Description: This course provides an overview of the world of private equity. Students examine the role of private equity investments in investment portfolios and the overall contribution of the private equity asset class in the overall capital market. The course introduces different types of private equity investments such as venture capital, growth equity and leveraged buyouts. Students develop a technical framework to analyze and value companies, are introduced to the concept and practice of deal-making and business plan analysis and develop a sensitivity to the non-analytical aspects of investment analysis.

Component(s): Lecture

Notes:
  • Students who have received credit for the topic Venture Capital under a FINA 695 number may not take this course for credit.

Prerequisite/Corequisite: The following courses must be completed previously: MBA 646.

Description: This course examines the financial aspects of mergers, acquisitions and other types of corporate restructuring strategies, such as hostile takeovers and the market for corporate control, financial re-capitalization, leveraged buyouts, management buyouts, going-private decisions etc. The objectives of this course are two-fold: first, to introduce the area of mergers and acquisitions and corporate restructuring, and secondly, to strengthen and develop the presentation and research skills necessary for the finance industry in general and investment banking in particular.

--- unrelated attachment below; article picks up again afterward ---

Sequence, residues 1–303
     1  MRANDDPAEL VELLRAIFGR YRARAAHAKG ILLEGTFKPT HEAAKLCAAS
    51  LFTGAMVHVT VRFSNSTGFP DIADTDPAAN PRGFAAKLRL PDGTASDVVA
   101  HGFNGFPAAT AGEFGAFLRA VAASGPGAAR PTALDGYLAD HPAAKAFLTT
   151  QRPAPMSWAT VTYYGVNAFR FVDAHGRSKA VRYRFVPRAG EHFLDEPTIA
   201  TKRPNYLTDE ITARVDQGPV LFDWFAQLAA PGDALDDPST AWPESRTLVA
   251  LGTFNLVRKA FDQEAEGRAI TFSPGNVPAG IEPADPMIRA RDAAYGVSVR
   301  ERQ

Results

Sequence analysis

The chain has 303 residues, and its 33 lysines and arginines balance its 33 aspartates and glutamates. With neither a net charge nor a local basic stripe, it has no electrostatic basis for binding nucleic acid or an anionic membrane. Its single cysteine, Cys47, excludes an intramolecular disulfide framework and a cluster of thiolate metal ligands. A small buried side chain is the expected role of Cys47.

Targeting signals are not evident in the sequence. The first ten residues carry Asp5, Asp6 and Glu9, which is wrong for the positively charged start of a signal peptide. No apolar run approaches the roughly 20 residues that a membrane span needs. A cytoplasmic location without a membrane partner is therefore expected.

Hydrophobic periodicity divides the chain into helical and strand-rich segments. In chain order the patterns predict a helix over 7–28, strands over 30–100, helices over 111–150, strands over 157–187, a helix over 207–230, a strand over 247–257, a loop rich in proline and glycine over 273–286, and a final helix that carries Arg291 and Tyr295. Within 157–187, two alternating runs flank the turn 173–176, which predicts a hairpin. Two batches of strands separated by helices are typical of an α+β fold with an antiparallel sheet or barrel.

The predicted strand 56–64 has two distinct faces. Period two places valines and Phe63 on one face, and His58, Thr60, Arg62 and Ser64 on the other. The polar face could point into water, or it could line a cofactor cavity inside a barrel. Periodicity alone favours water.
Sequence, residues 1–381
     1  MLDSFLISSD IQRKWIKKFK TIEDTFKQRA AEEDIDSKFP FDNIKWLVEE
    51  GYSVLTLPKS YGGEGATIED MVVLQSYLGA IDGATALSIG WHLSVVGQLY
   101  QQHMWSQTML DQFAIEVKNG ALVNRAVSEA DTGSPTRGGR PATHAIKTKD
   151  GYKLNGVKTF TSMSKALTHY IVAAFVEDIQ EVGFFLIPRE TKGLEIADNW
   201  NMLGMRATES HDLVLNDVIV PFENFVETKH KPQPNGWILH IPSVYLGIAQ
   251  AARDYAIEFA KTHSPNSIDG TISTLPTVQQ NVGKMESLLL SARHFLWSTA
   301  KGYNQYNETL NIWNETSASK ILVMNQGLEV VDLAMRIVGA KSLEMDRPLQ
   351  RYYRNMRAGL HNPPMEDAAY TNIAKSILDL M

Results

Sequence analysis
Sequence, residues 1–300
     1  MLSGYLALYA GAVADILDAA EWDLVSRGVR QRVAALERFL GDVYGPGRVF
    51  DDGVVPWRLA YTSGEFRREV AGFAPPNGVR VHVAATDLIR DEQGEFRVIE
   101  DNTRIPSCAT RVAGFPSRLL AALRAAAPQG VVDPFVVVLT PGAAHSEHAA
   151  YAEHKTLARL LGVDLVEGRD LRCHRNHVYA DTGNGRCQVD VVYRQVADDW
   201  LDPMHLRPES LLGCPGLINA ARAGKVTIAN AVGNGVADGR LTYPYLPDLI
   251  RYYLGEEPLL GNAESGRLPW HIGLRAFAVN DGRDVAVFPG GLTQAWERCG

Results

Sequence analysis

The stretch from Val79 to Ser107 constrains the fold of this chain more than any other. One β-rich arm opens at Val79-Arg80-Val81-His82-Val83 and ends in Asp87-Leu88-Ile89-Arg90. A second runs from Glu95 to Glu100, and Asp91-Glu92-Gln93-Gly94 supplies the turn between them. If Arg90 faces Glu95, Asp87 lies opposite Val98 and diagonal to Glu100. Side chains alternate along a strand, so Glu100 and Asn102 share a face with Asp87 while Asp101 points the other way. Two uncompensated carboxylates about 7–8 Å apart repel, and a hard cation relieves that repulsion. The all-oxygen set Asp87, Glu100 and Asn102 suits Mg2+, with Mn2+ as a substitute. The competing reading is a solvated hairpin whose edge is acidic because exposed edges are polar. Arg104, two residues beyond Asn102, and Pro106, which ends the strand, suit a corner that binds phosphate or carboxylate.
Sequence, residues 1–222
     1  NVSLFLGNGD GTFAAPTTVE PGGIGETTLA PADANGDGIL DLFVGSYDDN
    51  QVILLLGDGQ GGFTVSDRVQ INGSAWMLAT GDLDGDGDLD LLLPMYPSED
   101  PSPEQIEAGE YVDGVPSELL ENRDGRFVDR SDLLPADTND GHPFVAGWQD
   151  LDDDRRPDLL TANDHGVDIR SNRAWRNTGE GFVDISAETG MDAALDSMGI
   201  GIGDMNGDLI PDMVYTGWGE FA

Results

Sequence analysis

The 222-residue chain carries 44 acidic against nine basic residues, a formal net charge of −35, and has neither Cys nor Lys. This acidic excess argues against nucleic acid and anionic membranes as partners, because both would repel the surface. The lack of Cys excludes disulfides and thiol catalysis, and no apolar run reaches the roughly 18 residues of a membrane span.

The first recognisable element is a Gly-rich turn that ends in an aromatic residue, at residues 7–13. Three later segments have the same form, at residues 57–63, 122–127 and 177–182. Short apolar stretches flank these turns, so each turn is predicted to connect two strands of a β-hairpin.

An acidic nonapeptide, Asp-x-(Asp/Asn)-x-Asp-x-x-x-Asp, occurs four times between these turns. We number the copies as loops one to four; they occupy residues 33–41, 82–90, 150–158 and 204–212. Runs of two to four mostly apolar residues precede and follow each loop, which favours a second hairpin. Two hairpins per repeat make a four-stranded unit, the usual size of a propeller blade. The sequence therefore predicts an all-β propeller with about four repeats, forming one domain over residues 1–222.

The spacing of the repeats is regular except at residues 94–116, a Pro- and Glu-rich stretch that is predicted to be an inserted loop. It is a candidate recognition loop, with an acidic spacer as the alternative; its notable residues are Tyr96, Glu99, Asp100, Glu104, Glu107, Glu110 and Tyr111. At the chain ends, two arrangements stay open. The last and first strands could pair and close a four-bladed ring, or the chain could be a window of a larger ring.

Component(s): Lecture

Notes:
  • Students who have received credit for the topic Mergers and Acquisitions under a FINA 695 number may not take this course for credit.

Prerequisite/Corequisite:

The following courses must be completed previously: MBA 645; MBA 646.

Description: This course introduces the fundamental principles and issues related to international financial markets and their implications for firms operating in an international environment. Topics covered include foreign exchange markets, international parity conditions, foreign exchange risk management, hedging with currency derivatives, and financing the firm in the global capital market.

Component(s): Lecture

Prerequisite/Corequisite:

The following courses must be completed previously: MBA 646.